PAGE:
Church Freedom of Conscience
A line in my last blog post, “On the Immovability of Marriage”, got an interesting response based on one line that I wrote that I’m "in support of individual churches, clergy and congregations following their consciences with” offering or denying Gay couples marriage. “ Given that you bring the example up, are you also in favour of them being able to follow their consciences in impose a ban on inter-racial marriage?” Merrick wrote. Here’s my response, which is far too long for a comment.
It is a very good question, and possibly not one I can answer too clearly. On one level, I don’t mind the idea that someone can join an organisation who’s internal rules they happen to like, even if I don’t like them. The obvious downside to this being the experiences of, say, children growing up in those churches and coming out as gay. They can’t necessarily decide that this Church isn’t for them and move on.
The long term experience of the Church of England with Women Priests has been pretty mixed. Individual parish churches were allowed to pass “Resolution A”, opting not to allow women to celebrate communion on their altar or even “Resolution B”, rejecting all women as potential future vicars. The result has been that people didn’t run off and hide in a cave, but (if you know how to find out) they do have a nice warning sign that the contents may not be suitable for those who think the church should have moved on.
Some churches have discovered, possibly from having a woman vicar down the road at the next church, that maybe its not such a bad thing, and some have moved on, whilst others have solidly retrenched. I’m glad we didn’t drive them underground, or off to Rome, though, even though I’m equally, if not more glad that the church as a whole accepted women as priests. The debate rolls on, and little by little, churches are changing their minds.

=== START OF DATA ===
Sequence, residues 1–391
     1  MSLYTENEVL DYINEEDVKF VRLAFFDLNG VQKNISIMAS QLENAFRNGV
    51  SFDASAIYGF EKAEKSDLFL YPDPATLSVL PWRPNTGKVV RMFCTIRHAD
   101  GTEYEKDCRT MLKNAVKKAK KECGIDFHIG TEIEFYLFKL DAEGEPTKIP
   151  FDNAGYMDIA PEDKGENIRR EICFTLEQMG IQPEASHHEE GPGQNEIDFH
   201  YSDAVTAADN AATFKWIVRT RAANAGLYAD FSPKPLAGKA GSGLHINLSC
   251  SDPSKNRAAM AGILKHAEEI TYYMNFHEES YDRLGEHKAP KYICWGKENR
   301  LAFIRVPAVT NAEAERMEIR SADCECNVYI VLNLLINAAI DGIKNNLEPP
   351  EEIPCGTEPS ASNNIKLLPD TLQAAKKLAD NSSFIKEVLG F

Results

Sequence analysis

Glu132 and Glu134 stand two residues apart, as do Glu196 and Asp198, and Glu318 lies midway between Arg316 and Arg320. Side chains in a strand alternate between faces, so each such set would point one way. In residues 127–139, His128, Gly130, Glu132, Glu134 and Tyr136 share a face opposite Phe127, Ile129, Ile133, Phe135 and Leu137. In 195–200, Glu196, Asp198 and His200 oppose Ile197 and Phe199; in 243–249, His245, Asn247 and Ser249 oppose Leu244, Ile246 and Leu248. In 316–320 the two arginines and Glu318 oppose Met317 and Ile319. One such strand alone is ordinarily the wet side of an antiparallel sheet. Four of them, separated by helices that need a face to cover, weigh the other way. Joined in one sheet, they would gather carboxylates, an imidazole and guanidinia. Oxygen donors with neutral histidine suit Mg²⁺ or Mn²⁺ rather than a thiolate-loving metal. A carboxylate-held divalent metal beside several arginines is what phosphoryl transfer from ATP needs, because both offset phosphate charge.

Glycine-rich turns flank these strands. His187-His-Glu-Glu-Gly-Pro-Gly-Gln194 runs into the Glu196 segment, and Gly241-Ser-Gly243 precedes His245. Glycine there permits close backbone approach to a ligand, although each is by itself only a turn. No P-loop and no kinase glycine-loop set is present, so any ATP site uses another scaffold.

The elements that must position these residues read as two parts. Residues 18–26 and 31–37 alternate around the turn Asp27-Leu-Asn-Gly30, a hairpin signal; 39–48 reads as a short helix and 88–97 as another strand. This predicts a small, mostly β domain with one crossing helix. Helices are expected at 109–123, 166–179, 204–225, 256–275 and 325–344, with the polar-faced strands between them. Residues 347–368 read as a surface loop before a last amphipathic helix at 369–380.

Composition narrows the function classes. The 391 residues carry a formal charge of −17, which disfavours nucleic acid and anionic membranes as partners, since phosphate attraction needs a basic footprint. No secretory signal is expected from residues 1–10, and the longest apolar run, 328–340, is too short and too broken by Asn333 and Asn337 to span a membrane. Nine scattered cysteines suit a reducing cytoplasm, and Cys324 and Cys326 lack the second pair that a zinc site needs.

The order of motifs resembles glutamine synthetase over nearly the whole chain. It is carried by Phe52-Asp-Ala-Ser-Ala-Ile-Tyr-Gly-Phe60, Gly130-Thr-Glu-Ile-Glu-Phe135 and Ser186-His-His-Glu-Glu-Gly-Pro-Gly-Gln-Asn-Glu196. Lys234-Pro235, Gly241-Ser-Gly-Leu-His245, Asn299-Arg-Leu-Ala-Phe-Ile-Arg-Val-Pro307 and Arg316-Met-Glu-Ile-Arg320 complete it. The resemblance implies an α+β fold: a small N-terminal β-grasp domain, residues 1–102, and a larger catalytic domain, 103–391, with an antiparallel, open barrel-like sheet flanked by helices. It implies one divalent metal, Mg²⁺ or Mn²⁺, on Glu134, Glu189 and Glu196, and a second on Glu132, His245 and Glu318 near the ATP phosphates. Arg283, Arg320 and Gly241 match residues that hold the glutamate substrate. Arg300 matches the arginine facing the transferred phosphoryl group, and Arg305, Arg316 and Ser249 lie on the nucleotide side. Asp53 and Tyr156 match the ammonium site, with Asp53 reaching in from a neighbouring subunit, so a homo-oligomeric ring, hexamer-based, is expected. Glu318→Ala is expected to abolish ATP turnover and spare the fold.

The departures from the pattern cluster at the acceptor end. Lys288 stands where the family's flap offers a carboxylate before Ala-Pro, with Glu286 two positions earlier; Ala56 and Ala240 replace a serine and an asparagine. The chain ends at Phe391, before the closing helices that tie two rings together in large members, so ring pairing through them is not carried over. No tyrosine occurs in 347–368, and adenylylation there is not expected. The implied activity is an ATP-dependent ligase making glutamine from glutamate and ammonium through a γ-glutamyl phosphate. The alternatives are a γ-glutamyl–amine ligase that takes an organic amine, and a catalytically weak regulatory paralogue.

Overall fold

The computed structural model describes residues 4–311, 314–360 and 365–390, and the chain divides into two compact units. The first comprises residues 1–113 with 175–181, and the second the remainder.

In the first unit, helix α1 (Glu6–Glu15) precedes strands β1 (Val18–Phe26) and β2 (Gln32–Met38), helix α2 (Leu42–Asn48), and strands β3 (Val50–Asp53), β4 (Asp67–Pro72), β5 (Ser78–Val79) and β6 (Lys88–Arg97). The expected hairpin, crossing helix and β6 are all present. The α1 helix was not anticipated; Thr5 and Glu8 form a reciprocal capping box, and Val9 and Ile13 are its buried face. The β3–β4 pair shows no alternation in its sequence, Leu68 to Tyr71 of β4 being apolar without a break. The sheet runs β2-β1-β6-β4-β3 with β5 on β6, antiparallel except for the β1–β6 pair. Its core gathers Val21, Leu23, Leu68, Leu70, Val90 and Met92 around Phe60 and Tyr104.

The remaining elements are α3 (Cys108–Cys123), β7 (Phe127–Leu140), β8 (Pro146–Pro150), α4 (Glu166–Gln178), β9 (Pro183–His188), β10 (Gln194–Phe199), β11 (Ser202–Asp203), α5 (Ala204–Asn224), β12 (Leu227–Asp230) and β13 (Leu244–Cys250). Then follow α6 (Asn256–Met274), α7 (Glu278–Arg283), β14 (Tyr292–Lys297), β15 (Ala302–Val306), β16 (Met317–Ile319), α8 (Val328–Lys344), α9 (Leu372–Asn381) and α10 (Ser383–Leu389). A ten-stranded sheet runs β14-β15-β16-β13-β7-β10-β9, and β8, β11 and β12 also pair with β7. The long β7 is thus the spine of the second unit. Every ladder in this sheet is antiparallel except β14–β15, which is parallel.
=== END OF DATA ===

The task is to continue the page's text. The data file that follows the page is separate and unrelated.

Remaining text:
There’s also a level on which I think that if people want the church to disestablish, then saying the state should still be able to dictate how it treats its freely associating adult members is, well, a big bad state.
If a church decided not to marry people because they were of different racial backgrounds, I’d be horrified, and I’d wish on them all the bad PR they’d patently obviously be about to get. I’d happily go on the march, but I’m not so certain I want to make this a criminal, state interference thing, in just the way I don’t like Britain spying on Muslims despite plenty to disagree on.
Where I’d put the line is when this stuff begins to affect kids/vulnerable people who can’t decide not to attend, or are being actively harmed (Elephant in room: Child Abuse). Then its an organisation abusing its power over people who can’t freely react, and then its time to involve the state as arbiters, unless we’ve done away with the state already, in which case hopefully some other body has come along to deal with people who prey on kids.
But when we’re talking about two adults who can decide whether to act in their own interests (presumably moving churches, or leaving altogether) then surely they can make their own minds up? And if you bring in the law, you just create whining martyrs with ammo, whereas mostly George Carey is just a whining martyr without substance.
Also, to broaden this out, I disagree with Hizbut Tahrir on plenty of issues, but unless and until someone can show me proof they’ve been involved in terrorism, I will defend their right to exist, to associate, to believe and to govern their own group.
I hope that explains something of why I’m all for churches and other religious groups making their own minds up and suffering the consequences from the public, rather than the state. There should always be a place for churches to act on conscience, and for people to be members of an organisation even if I or another observer thinks its against their interests. After all, I hope no one in this debate actually wants a state so big it becomes an arbiter of people’s private thoughts, or indeed the internal policies of organisations. There’s a difficult balance to be drawn, but there’s a dangerous line we shouldn’t, as a society, cross.